Compared to other labor platforms, such as Amazon MTurk and Uber, house cleaning platforms have received much less scholarly attention. Floros investigates how house cleaning platforms, apps, algorithms, and ratings, mediate flexible and potentially precarious employment relations in the Danish context. Moreover, his project positions the evolution of house cleaning platform work within Danish policy-making and digital economy imaginaries. This creates a backdrop for studying how the digitalized welfare state, through regulation, can produce or impede new precarities in employment.

In addition, Floros was recently part of founding a new network called The Danish Research Network on Platform Work together with Katrine Duus Terkelsen (AU), Sne Scott Hansen (KU) and Kalle Kusk Gjetting (AU). The network is composed of researchers investigating a variety of issues relating to digital labor platforms in Denmark. They will be presenting their first paper in February, at the 9th Nordic Geographers Meeting in Finland.

In Other Words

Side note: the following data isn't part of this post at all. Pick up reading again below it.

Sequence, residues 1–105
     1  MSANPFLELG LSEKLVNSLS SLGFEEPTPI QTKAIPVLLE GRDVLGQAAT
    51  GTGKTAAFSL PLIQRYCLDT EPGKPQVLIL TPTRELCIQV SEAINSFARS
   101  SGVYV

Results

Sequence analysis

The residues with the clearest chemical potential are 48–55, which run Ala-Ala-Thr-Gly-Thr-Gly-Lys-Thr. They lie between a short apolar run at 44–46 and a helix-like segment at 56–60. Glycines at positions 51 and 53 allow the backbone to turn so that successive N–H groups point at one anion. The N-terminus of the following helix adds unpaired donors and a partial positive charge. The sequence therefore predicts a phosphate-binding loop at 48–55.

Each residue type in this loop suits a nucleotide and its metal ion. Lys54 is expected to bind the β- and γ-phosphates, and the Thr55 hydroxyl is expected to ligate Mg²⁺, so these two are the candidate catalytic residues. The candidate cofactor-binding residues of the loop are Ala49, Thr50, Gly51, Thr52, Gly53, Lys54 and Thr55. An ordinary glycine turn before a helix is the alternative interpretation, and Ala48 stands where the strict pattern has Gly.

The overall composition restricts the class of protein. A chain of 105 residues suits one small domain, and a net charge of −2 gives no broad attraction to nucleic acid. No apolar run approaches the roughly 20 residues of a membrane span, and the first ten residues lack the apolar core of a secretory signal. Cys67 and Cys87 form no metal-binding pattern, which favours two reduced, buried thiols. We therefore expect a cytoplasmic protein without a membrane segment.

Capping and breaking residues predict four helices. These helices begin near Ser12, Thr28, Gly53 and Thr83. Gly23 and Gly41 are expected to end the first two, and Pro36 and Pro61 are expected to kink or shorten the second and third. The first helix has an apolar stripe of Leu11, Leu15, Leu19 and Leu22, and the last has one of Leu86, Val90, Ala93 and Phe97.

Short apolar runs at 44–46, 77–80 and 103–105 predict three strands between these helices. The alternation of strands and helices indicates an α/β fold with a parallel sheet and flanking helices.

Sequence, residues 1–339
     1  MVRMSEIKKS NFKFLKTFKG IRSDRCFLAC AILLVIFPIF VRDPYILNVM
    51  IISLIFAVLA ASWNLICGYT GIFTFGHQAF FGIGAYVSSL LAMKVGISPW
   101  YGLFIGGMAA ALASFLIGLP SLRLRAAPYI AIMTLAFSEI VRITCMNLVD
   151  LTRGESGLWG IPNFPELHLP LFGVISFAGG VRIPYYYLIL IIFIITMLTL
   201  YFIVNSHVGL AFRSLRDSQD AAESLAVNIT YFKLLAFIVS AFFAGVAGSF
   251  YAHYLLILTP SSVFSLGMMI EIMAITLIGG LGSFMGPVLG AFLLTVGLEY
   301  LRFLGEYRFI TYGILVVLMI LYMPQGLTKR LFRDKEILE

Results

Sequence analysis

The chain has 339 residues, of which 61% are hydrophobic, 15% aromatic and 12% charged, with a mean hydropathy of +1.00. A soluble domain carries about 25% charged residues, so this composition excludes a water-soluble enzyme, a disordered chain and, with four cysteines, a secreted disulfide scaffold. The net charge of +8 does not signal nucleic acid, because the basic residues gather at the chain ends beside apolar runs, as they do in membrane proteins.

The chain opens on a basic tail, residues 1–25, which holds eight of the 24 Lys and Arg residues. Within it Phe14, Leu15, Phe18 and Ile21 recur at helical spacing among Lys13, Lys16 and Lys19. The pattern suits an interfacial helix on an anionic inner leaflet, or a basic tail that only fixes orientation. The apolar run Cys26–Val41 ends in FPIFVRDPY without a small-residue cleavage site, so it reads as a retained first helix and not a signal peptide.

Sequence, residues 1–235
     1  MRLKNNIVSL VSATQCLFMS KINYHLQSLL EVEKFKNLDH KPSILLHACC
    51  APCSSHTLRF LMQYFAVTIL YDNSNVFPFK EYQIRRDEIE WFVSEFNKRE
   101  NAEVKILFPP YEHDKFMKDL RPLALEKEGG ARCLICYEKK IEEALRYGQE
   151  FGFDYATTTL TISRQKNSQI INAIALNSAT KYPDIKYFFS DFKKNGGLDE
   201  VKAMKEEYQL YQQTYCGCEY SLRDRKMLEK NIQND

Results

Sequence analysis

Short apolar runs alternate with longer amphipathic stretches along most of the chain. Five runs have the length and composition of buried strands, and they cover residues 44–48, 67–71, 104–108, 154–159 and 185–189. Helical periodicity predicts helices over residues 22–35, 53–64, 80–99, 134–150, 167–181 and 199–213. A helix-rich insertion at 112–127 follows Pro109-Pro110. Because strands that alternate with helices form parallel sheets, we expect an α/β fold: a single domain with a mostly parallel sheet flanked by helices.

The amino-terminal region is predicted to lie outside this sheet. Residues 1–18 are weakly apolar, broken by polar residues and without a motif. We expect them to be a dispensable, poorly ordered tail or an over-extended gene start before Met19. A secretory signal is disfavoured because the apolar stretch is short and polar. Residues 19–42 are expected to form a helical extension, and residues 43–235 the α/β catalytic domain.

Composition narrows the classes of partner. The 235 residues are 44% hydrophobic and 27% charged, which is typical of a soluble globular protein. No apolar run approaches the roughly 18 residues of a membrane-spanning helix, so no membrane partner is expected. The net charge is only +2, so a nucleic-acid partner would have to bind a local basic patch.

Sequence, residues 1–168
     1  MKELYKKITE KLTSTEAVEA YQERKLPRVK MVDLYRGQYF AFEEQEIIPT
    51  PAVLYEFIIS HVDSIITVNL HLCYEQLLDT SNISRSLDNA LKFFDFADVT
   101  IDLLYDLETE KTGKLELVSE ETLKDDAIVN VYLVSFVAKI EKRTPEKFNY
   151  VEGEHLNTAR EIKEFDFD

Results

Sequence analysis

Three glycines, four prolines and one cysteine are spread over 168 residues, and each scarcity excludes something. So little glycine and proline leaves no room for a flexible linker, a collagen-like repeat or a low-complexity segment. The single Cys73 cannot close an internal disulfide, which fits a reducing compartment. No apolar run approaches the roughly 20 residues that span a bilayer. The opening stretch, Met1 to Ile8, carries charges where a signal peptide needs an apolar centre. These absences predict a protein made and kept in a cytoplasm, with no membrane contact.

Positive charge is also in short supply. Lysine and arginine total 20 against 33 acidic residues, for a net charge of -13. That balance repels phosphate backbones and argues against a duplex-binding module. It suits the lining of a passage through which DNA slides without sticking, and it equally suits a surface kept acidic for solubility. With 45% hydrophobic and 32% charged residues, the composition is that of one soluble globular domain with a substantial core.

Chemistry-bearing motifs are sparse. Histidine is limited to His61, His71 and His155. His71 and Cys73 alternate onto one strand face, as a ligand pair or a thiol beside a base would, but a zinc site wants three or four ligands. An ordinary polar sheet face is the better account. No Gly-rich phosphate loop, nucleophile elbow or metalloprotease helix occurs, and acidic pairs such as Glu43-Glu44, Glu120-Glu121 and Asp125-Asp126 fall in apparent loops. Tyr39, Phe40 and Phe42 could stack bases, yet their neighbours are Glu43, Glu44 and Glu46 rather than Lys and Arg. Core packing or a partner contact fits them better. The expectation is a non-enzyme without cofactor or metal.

In November we celebrated the publication of the book Data Practices Making up a European Citizen, edited by Evelyn Ruppert and Stephen Scheel. The book includes two chapters written by Associate Professor Baki Cakici, member of the Center’s Agile State working group.

What is Europe and who are Europeans? Data Practices approaches this contemporary political and theoretical question by treating it as a practical problem of counting. Only through myriad data practices can EU member states know their national populations, utilized by the EU to understand the population of Europe. But this volume approaches data practices not simply as reflecting populations but as performative as well. You can purchase the book or access it electronically here.